In 2017 I wrote that soon we will see better designed products because companies which make design tools were getting big rounds of venture capital.
While this has been true, I am now seeing some very well designed products. But not because someone used better tool to make them, but because they were made more thoughtfully.
Until quite recently, the formula for a winning product was simple to articulate, if hard to execute. It was about getting users ‘hooked‘ to your app through variable rewards, getting them to ‘like’ content, getting them to ‘follow’ each other. You could gamify stuff through badges, experience points and such things. We were quite convinced that ‘social proof‘ was the core human motivation.
But now it seems that people are simply tired of all this. Already most young people I know are off Facebook, and quite a few older ones.
(People still use Instagram, but the user experience there is deteriorating too.)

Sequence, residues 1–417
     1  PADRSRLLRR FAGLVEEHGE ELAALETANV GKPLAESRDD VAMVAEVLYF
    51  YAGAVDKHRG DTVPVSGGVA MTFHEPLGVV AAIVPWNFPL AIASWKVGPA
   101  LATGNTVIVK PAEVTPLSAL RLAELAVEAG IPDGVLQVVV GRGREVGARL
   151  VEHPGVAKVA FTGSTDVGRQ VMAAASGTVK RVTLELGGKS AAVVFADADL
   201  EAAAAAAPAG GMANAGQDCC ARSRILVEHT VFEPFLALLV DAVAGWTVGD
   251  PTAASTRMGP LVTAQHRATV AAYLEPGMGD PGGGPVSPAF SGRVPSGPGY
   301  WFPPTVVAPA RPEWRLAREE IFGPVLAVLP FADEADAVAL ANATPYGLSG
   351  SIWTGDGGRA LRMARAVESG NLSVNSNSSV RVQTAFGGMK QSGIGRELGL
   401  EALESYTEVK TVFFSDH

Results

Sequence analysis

Now it seems that people want more thoughtful products, tools with which they can learn and make. Or as Steve Jobs said, bicycles for the mind.
The human need for learning and growth is getting ahead of the need for being approved by others at least for a set humans (which I believe is growing).
Notion is one such tool I found recently. It’s simple, elegant and very powerful. You can make notes, to-do lists, and even spreadsheets. And you can link to code and even your framer or figma prototype. But it’s not about all the things, all the features it has. It’s about how they come together in one elegant tool.
Another one I discovered recently was are.na. They are quite clear with their positioning:
My first impression was – this is like Pinterest, but better. But after some playing around, it feels more than that. While Pinterest seems a loud and distracting, arena enables focus. It’s clean layout lets me just see the the content. And again, it has more power than Pinterest, in terms of things you can collect on arena boards.
Not surprisingly, arena won the Fast Company Innovation by Design award for ‘general excellence’.
The pricing of these products also reflects a change in philosophy. They are not based on ads, hence there is no incentive to capture user’s attention with all sorts of notifications. They are based on a freemium model, where a set amount of usage (both products call it ‘blocks’) is free, and if you want more, you pay for it. The model is closer to enterprise products.
I am quite pleased with this trend and look forward to exploring such products further.